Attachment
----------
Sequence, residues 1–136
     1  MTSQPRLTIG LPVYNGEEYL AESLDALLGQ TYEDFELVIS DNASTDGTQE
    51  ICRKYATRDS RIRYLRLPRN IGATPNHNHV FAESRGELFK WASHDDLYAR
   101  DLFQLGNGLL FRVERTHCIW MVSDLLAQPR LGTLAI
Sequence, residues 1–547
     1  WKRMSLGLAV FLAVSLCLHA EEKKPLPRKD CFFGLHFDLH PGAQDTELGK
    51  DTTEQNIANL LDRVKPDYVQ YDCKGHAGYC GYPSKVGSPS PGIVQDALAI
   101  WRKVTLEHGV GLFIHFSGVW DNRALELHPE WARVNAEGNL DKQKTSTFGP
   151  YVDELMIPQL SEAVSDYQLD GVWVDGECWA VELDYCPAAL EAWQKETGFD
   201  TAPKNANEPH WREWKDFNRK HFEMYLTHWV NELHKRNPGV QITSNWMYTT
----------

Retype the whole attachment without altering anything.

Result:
Sequence, residues 1–136
     1  MTSQPRLTIG LPVYNGEEYL AESLDALLGQ TYEDFELVIS DNASTDGTQE
    51  ICRKYATRDS RIRYLRLPRN IGATPNHNHV FAESRGELFK WASHDDLYAR
   101  DLFQLGNGLL FRVERTHCIW MVSDLLAQPR LGTLAI
Sequence, residues 1–547
     1  WKRMSLGLAV FLAVSLCLHA EEKKPLPRKD CFFGLHFDLH PGAQDTELGK
    51  DTTEQNIANL LDRVKPDYVQ YDCKGHAGYC GYPSKVGSPS PGIVQDALAI
   101  WRKVTLEHGV GLFIHFSGVW DNRALELHPE WARVNAEGNL DKQKTSTFGP
   151  YVDELMIPQL SEAVSDYQLD GVWVDGECWA VELDYCPAAL EAWQKETGFD
   201  TAPKNANEPH WREWKDFNRK HFEMYLTHWV NELHKRNPGV QITSNWMYTT